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THE

AUTHOR'S APOLOGY.

HEN at the first I took my pen in hand,

That I at all should make a little book
In such a mode: nay, I had undertook
To make another : which, when almost done,
Before I was aware, I this begun.

And thus it was: I, writing of the way
And race of saints in this our gospel day,
Fell suddenly into an allegory,
About their journey and the way to glory,
In more than twenty things, which I set down:
This done, I twenty more had in my crown,
And they again began to multiply,
Like sparks that from the coals of fire do fly.
Nay then, thought I, if that you breed so fast,
I'll put you by yourselves, lest you at last
Should prove ad infinitum, and eat out
The book that I already am about.

Well, so I did; but yet I did not think
To shew to all the world my pen and ink.
In such a mode; I only thought to make
I knew not what; nor did I undertake
Thereby to please my neighbour; no, not I,
I did it mine own self to gratify.

Neither did I but vacant seasons spend
In this my scribble; nor did I intend
But to divert myself in doing this,
From worser thoughts which make me do amiss.

Thus I set pen to paper with delight.
And quickly had my thoughts in black and white.
For having now my method by the end,
Still as I pulld it came; and so I penn'd
It down, until at last it came to be,
For length and breadth, the bigness which you see.

Well, when I had put my ends together, I shew'd them others, that I might see whether They would condemn them or them justify: And some said, Let him live; some, Let him die; Some said, John print it; others said, Not so ; Some said, It might do good; others said, No.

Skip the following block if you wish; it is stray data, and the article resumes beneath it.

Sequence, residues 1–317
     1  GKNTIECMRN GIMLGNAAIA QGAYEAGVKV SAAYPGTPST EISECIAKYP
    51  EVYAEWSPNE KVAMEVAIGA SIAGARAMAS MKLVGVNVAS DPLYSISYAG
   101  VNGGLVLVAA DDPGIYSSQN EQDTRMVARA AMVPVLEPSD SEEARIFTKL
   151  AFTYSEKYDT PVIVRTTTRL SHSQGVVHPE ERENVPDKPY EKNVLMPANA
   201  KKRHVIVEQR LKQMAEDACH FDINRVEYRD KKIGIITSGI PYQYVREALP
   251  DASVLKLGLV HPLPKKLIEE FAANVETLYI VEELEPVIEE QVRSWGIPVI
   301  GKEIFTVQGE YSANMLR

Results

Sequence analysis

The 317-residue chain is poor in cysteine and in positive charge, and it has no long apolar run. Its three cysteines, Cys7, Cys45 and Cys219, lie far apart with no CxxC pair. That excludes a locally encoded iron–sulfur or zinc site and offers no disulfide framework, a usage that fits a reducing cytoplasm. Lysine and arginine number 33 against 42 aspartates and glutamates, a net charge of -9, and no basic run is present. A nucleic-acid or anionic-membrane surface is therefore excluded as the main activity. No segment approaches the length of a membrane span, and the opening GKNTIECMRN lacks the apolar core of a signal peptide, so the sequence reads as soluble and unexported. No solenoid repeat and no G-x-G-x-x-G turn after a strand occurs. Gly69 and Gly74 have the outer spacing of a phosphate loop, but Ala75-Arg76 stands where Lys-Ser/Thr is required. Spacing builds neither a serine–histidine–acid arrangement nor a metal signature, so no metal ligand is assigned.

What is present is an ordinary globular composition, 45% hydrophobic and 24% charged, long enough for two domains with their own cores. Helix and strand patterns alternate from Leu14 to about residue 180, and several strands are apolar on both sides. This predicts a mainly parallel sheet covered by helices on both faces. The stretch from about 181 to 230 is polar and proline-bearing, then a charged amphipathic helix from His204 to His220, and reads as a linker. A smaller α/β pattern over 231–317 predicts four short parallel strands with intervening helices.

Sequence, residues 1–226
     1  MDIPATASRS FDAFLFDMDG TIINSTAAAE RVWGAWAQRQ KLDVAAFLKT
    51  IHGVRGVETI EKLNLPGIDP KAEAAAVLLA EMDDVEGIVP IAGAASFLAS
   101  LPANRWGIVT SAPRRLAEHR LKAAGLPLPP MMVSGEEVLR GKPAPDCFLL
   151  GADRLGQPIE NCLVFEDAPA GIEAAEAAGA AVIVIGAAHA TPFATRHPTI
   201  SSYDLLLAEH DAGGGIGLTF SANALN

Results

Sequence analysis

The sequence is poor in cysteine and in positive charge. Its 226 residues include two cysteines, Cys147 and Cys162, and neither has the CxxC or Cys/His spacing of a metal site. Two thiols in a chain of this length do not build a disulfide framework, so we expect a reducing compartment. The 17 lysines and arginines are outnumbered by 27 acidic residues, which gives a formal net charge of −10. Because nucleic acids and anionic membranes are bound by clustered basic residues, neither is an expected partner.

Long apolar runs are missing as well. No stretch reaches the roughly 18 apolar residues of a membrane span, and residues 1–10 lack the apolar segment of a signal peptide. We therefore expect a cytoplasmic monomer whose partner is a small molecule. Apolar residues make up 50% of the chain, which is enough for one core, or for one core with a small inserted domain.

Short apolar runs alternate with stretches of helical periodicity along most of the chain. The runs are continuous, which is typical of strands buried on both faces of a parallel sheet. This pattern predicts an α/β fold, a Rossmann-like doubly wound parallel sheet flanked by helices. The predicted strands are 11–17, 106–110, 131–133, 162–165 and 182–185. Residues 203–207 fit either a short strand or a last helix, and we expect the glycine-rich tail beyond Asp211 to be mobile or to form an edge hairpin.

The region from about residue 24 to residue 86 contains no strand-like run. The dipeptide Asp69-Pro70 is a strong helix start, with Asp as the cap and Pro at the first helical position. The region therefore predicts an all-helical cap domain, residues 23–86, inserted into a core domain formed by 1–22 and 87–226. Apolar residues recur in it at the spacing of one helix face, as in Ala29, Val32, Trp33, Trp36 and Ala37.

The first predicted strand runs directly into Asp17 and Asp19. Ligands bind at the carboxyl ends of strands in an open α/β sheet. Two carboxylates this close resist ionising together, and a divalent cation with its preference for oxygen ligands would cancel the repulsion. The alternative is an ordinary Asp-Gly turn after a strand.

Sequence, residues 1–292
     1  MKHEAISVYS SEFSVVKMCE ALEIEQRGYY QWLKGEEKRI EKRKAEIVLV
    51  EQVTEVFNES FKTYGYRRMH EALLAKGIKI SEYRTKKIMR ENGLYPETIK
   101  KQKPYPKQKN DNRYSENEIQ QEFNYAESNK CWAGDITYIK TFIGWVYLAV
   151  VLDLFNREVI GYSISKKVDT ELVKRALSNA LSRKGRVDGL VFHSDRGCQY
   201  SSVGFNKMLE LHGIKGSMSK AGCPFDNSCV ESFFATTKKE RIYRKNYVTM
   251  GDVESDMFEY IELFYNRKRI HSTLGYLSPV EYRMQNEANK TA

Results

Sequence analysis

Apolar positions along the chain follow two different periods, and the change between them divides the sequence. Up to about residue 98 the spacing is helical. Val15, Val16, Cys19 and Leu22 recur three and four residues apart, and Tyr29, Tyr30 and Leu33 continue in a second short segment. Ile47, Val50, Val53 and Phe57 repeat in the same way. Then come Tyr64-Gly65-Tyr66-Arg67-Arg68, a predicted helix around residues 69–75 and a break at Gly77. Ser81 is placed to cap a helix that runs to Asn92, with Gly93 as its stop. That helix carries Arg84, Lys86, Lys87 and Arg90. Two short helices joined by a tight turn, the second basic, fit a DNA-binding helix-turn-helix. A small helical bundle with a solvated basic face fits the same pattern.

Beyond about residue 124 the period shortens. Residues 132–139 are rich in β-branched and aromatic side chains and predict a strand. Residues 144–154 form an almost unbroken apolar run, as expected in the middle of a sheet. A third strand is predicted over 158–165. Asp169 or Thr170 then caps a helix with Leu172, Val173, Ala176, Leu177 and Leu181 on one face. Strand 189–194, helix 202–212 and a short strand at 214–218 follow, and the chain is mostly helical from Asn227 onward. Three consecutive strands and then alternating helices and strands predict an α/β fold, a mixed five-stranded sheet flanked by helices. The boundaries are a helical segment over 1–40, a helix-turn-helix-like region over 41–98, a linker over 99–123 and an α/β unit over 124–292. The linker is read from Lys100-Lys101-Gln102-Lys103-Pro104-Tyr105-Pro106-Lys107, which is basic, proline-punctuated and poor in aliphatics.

Now I was in a strait, and did not see
Which was the best thing to be done by me.
At last I thought, since you are thus divided,
I print it will, and so the case decided.

For, thought I, some I see would have it done,
Though others in that channel do not run:
To prove then who advised for the best,
Thus I thought fit to put it to the test.
I farther thought, if now I did deny
Those that would have it, thus to gratify,
I did not know but hinder them I might
Of that which would to them be great delight:
For those which were not for its coming forth,
I said to them, Offend you I am loth;
Yet since your brethren pleased with it be,
Forbear to judge, till you do farther see.

If that you would not read, let it alone :
Some love the meat, some love to pick a bone.
Yea, that I might them better moderate,
I did too with them thus expostulate :

May I not write in such a style as this?
In such a method too, and yet not miss
My end, thy good ? Why may it not be done?
Dark clouds bring waters, when the bright bring none.
Yea, dark or bright, if they their silver drops
Cause to descend, the earth, by yielding crops,
Gives praise to both, and carpeth not at either,
But treasures up the fruit they yield together ;
Yea, so commixes both, that in their fruit
None can distinguish this from that; they suit
Her well when hungry; but if she be full,
She spews out both, and makes their blessings null.

You see the ways the fisherman doth take
To catch the fish; what engines doth he make?
Behold! how he engageth all his wits;
Also his snares, lines, angles, hooks, and nets :
Yet fish there be, that neither hook nor line,
Nor snares, nor net, nor engine can make thine:
They must be grop'd for, and be tickled too,
Or they will not be catch’d, whate'er you do.

How does the fowler seek to catch his game
By divers means ! all which one cannot name :
His gun, his nets, his lime twigs, light and bell:
He creeps, he goes, he stands : yea, who can tell
Of all his postures ? yet there's none of these
Will make him master of what fowls he pleasę.
Yea, he must pipe and whistle, to catch this ;
Yet, if he does so, that bird he will miss.
If that a pearl may on a toad's head dwell,
And may be found too in an oyster-shell;

If things that promise nothing, do contain
W bat better is than gold ; who will disdain,
That have an inkling of it, there to look
That they may find it! Now my little book
(Though void of all these paintings that may

make